The Roads and Highways Minister, Alhaji Inusah Fuseini, has directed contractors to regularly engage telecom companies before road construction is done to forestall the frequent cut of fibre optic cables.
That, he noted, was to halt the recurring disruption of communications services due to the cutting of fibre optic cables largely caused by road expansion and maintenance.
Alhaji Fuseini consequently planned to establish a standing technical committee (STC) to deal with frequent cases of fibre cuts that had bedevilled the telecom industry.
The proposed STC will serve as an advisory body to guide and identify cable and fibre markings before actual construction begins.
The minister, who spoke in an interview with the Daily Graphic in Accra, was responding to the campaign by Journalists for Business Advocacy (JBA), an affiliate organisation of the Ghana Journalists Association (GJA) that is committed to the promotion of private sector businesses practice in the country, on the need to halt the spate of fibre cuts by road contractors.
Telecom companies have suffered an upsurge in fibre optic cable cuts, mainly caused by road construction, in spite of the many reports to the Ministry of Roads and Highways.
Currently, there are six telecommunication companies operating locally and each one of them has reported colossal losses in fibre cuts which also disrupt communication services.
Statistics from the Telecoms Chamber suggest that in 2013 telecom companies in the country suffered a 30 per cent increase in cable cuts.
This means that last year alone 2,110 cable cuts were recorded, compared to 1,605 in 2012 and 480 in 2011.
Three-quarters of the cuts occur during road construction, followed by small-scale illegal mining, which is responsible for 10 per cent cuts.
The rest are theft, vandalism and bush fires.
But Alhaji Fuseini said he wanted a coordinated approach in dealing with the installation of infrastructure in ways that would not compromise future development needs.
“These cuts occur mainly due to the expansion in road network to meet expanding population, so some of the roads have to be changed from single carriageway to a dual carriageway.
“Though we pay compensation, we can avoid this by the setting up of the STC to serve as an advisory body to identify the markings of telecom fibre before actual construction begins,” he said.
The minister, who had already held discussions with officials of the Telecoms Chamber and the National Communications Authority (NCA), was hopeful that the establishment of the committee, made up of the NCA, the Ministry of Roads and Highways and the Telecoms Chamber, would help deal with the matter.
Fibre cuts statistics
The exponential rate of fibre optic cables cut, the operators say, is threatening their ability to expand broadband services to the consumer.
According to the NCA, the sector regulator, there were over 1,600 cable cuts in 2012, resulting in significant cost in excess of GH¢20 million to the telephony companies.
In the same year, MTN alone suffered 506 fibre cuts, spanning some 2,933 kilometres. However, in 2013 the number of cuts rose to 840, covering a length of 4,156 kilometres.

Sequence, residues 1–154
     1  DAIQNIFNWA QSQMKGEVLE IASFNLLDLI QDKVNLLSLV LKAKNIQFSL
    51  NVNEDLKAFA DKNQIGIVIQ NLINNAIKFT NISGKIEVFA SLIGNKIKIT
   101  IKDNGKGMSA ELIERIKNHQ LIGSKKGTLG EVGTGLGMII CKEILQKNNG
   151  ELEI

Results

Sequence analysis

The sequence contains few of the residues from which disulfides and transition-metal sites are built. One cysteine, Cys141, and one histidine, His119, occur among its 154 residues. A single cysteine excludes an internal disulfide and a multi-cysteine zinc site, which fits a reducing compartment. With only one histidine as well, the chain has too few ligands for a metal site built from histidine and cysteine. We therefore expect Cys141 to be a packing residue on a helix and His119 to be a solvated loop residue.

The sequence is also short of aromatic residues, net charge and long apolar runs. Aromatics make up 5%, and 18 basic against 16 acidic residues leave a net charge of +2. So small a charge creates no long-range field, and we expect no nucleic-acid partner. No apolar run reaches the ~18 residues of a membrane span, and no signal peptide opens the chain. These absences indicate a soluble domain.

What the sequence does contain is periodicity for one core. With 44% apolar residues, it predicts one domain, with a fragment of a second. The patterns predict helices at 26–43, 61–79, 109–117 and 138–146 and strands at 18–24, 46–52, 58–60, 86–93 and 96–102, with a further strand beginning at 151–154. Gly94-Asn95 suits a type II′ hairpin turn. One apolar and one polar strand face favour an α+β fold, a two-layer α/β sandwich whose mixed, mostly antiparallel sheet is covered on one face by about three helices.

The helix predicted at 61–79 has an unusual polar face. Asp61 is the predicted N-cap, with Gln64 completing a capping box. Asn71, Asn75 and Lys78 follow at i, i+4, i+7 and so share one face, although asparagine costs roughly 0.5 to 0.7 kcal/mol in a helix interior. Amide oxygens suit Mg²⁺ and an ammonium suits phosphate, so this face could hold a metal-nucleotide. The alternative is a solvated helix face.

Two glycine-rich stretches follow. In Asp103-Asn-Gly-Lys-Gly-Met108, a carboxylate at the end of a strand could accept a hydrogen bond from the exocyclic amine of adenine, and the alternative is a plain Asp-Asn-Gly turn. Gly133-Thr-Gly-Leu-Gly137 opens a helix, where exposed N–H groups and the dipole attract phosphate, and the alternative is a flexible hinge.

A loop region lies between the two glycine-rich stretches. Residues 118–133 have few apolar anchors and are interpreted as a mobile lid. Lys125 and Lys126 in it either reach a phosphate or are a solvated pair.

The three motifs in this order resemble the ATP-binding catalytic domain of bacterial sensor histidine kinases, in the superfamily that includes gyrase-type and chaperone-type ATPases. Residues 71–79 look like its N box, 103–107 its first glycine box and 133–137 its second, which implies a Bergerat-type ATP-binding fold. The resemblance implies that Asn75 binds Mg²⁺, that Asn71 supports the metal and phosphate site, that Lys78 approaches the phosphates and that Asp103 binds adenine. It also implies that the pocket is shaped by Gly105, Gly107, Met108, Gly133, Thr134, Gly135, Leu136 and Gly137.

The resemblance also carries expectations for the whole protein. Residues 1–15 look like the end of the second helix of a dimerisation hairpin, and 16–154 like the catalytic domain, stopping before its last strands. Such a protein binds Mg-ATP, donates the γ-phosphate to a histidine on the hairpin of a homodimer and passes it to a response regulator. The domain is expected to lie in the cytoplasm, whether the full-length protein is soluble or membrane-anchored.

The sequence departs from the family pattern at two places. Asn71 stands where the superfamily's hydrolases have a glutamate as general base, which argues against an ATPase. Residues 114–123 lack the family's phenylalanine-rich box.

From January to June 2014 alone, MTN recorded 436 cuts, covering a total length of 4,336 kilometres.
“Fibre cables are supposed to last 20 to 25 years, but, unfortunately for us, we have had to replace cables that are just one year old,” Mr Bernard Kwaku Avor, MTN’s Field Service Manager, lamented.
“The result, as you can imagine, is that the quality of your call drops every now and then, the networks become less reliable, you feel let down as a customer and you also pay more because of increasing costs to the telcos.
“As for the reputational loss the companies suffer, it becomes akin to what Ghanaians like to call ‘hazards of the job’,” he said.
The Chief Operations Officer of Millicom Ghana, operators of tiGO, Mr Obafemi Banigbe, said the company had its fair share of fibre cut, a situation which he described as worrying.
“On the average, we record about 51 cable cuts between the Ashanti and Western regions every month and this is mainly due to the operations of illegal mine workers and ongoing road expansion projects in both regions,” he stated on the company’s website.
The fibre layout
Mr Avor said the development was frustrating the operations of the telcos, particularly MTN.
To put things in perspective, the layout is in three categories — the backbone, metro and fibre to the office (FTTx).
A cut at the FTTx affects 10 to 15 cell sites, while a cut at the metro affects 15 to 100 cell sites. However, if it occurs at the backbone, it will disrupt communications within an entire region or the entire network whose cable is cut.
When one fibre optic cable is cut, calls and Internet services to all the communities connected to it become impossible. This is even worse when the cut occurs at the backbone of the layout.
“The NCA gives us a four-hour time frame to find and repair a damaged fibre; meanwhile, it could take up to six hours just to locate a cut,” he said.
Interestingly, there are clear demarcations and signposts to indicate where telecom fibre, water pipes and electricity cables are, but some road construction workers seem to ignore the warning signposts and excavate.
Fibre cuts occur on a daily basis, and in some cases at more than one spot on a stretch of fibre connected to hundreds of cell sites serving more than one community.
source : Graphic Online